The marketing of gambling to the Latinx community raises unaddressed concerns

21 March 2024

The marketing of gambling in new ways aimed at specific communities has become increasingly popular in the gambling industry. A recent New York Times piece suggested that gambling ads should be regulated or banned. Specific marketing approaches were highlighted in a recent Associated Press article entitled, “Panel says the next generation of online gambling will be more social, engaged and targeted.” According to that piece, Chief executive Seth Schorr of Las Vegas-based Fifth Street Gaming planned to launch “a Latino-themed online social casino using his platform … , using the Spanish word for ‘boss.’”

“It is a shamefully underserved market,” Schorr said in the article. “There are 64 million Americans who identify as Latino with a purchasing power of $3.5 trillion dollars. It’s something I’ve been executing in a land-based casino for 15 years. We have put together a brand that speaks to the language, the culture, the influencers.”

Gambling in the Latinx community has been examined in research literature. One study found a gambling disorder rate among Latino American veterans at four times the expectation of the general population. A 2024 study commissioned by a marketing and customer service agency found 54% of the Hispanic population had placed a sports bet, compared with the 43% national average. There is some research evidence that Latinx populations may have higher rates of gambling issues, but there are few studies that examine the Latinx community.

Schorr’s Land Based Casino (Ojos Locos Sports Cntina y Casin) video discusses marketing to blue collar customers and expansion to social casino games, online gambling that simulates casino games (e.g. poker, slots, roulette, etc.). Inherently interactive and social, this is capitalizing on the need for community in the Latinx population. This is particularly relevant in cities with a smaller concentration of Latinx community members, as in Minneapolis and St. Paul.

An ethos of masculinity

“Jefe” is a powerful and manly word. The use of Jefe suggests the gambling product is marketed toward men, evoking a sense of pride. The “American dream” is an essential financial goal of many community members. In parts of the Latinx community, there are deeply rooted values that men are bosses in the household, so the use of Jefe evokes gambling with power and pride. In considering sports betting, the community may want to think about “unidad con los ojos abiertos.” The phrase translates to unity, with eyes open.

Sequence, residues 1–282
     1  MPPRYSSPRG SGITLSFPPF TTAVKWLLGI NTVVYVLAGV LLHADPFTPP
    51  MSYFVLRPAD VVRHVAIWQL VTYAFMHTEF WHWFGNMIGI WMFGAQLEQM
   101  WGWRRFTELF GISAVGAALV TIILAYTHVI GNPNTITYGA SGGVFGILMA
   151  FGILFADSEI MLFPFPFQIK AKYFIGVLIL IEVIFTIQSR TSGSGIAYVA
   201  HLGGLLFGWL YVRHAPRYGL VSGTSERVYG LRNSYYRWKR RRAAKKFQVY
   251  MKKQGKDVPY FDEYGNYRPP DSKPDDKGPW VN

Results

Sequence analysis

In the Latinx community, loneliness is less acceptable to discuss, and often goes unspoken. Social casino games may provide community members with a sense they are collectively working together to essentially beat the game, while each are individually winning, and that may align with community values around collective success. People from the community may value gambling with others, leading to a sense of pride for the community.

Sports betting is culturally rooted; sometimes traditional forms of betting may involve chicken fights and horse races. It can be common to see competitive culture in the Latinx community. Community members strongly identify with sports teams, and team wins can represent a sense of personal and collective pride. Betting is often embedded into the Latinx cultural scene.

While little research has been done to estimate rates of betting in the community locally, there is some evidence that betting may be common. For youth, betting can be seen as normalized. Sports betting is very popular with Latinx men. For some who work in blue collar jobs, there is the perception that one has additional disposable income to gamble. Betting can sometimes be seen as a way to make more money and create financial stability. While gambling may be popular, there is less general knowledge about how artificial intelligence is applied in the context of mobile betting apps.

Help with problem gambling

In Latinx communities, seeking mental health treatment is often seen as a sign of weakness. Religion is a safe space or an alternative to seeking mental health treatment. Language and adjustment stress from immigration represent barriers to treatment. It is particularly taboo for men to seek help or admit a problem, which may be an indicator of not being self-sufficient. Admitting you have a mental health problem or addiction may be viewed as a negative reflection on your masculinity. Community members may be less likely to seek treatment for problem gambling because gambling is so common and may not be widely viewed as a problem.

While the word Jefe evokes masculinity and power, it may be that masculinity leads to a barrier to seeking help with one’s gambling.

Wendy Garcia Rojas is a resident of Hennepin County and an aspiring future mental health professional. Serena King is a professor and chair of the Psychology Department at Hamline University and a clinical psychologist in St. Paul.

The post The marketing of gambling to the Latinx community raises unaddressed concerns appeared first on MinnPost.

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